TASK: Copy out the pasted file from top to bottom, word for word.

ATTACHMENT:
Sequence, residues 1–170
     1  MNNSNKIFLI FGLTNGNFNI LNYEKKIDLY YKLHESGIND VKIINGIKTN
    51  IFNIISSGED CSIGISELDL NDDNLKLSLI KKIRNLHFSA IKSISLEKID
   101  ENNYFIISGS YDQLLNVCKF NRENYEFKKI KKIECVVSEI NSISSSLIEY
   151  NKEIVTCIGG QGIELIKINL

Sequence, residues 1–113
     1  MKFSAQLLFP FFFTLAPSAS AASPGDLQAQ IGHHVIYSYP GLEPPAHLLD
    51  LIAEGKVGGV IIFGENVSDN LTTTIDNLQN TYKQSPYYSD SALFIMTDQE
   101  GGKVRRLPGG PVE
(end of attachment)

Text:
Sequence, residues 1–170
     1  MNNSNKIFLI FGLTNGNFNI LNYEKKIDLY YKLHESGIND VKIINGIKTN
    51  IFNIISSGED CSIGISELDL NDDNLKLSLI KKIRNLHFSA IKSISLEKID
   101  ENNYFIISGS YDQLLNVCKF NRENYEFKKI KKIECVVSEI NSISSSLIEY
   151  NKEIVTCIGG QGIELIKINL

Sequence, residues 1–113
     1  MKFSAQLLFP FFFTLAPSAS AASPGDLQAQ IGHHVIYSYP GLEPPAHLLD
    51  LIAEGKVGGV IIFGENVSDN LTTTIDNLQN TYKQSPYYSD SALFIMTDQE
   101  GGKVRRLPGG PVE